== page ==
8. Use accurate, neutral descriptions.
  9. Be willing to hear “No”.
  10. Ways we communicate other than words.

Without the people on a project a great building will never be built.  We need to empathize with all the workers and consultants that help make a project a reality and see things from their perspective and find common ground to develop solutions that work for the overall good of the project. 

If you are dealing with toxic individuals consider the following advice:

  1. Set limits. Take it from me, toxic people do not do well with boundaries.
  2. Pick your battles wisely. It’s tricky to balance being cordial with not wanting to normalize someone’s emotionally abusive behavior.
  3. Recognize and distance yourself from their behavior.
  4. Focus on the positive.
  5. Utilize your support system.

More advice on tackling problematic individuals is available by clicking here.

The skills which are needed to take on task-focused team roles include:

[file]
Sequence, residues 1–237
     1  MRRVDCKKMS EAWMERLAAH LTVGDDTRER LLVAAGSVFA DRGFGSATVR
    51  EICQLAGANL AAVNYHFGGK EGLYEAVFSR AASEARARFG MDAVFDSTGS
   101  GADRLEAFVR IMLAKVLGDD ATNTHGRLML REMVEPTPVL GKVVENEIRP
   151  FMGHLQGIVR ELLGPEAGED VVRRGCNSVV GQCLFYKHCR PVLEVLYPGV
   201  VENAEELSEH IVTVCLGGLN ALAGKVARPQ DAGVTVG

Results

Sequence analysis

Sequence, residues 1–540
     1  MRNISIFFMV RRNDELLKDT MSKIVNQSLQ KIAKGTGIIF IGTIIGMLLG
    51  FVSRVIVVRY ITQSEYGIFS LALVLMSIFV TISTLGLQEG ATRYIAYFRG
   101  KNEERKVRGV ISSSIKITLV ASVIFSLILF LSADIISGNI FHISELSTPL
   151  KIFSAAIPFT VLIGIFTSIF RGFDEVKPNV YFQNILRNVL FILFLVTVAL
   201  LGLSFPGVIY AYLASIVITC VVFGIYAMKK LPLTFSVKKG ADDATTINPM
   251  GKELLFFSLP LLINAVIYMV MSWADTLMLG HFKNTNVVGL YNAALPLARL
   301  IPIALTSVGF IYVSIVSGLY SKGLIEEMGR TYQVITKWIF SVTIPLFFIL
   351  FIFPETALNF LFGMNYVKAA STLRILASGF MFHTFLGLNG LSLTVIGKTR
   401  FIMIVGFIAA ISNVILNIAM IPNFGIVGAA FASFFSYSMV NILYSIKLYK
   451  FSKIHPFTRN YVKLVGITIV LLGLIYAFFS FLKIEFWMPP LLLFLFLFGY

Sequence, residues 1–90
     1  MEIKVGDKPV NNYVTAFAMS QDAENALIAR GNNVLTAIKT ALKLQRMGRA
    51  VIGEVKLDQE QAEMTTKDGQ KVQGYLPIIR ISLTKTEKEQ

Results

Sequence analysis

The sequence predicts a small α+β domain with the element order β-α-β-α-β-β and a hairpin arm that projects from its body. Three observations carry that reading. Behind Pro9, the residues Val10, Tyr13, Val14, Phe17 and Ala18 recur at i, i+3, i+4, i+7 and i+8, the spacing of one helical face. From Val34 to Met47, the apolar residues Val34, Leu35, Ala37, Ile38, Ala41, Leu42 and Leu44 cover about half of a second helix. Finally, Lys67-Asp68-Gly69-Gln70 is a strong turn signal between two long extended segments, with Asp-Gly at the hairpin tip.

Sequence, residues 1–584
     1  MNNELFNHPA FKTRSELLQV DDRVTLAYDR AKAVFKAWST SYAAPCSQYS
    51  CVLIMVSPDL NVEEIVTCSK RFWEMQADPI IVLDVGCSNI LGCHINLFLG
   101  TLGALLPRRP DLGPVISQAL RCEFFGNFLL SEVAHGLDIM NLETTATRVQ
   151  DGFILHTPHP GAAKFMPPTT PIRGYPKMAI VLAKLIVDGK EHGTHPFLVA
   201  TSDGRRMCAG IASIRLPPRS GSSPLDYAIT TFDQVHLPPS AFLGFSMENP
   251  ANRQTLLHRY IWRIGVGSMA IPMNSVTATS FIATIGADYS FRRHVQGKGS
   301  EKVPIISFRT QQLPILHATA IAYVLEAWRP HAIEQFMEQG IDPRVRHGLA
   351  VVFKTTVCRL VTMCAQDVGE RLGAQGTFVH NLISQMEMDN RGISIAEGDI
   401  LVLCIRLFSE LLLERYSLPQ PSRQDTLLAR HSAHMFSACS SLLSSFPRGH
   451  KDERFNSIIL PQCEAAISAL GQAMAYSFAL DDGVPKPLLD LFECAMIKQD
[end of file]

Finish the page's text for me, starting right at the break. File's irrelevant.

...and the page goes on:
1. Organizing and Planning Skills. Being organized is essential to getting tasks done.
  2. Decision-Making.
  3. Problem-Solving.
  4. Communication Skills.
  5. Persuasion and Influencing Skills.
  6. Feedback Skills.
  7. Skills in Chairing Meetings.
  8. Conflict resolution.

Who is Going to Use the Architecture You Create?

Finally, and most importantly it is important to consider the occupants who will be using the space.  As most of the work I do is in the public realm, I always consider how best to create spaces that are accessible and inclusive to everyone.  It is important to always focus on the people who will be using the spaces that you design and create.

Hopefully, the analysis provided in this post will help you start to think about ways that working with others can help you build a strong team to help you accomplish your project goals.  Without people, architecture cannot be designed or constructed on a large scale.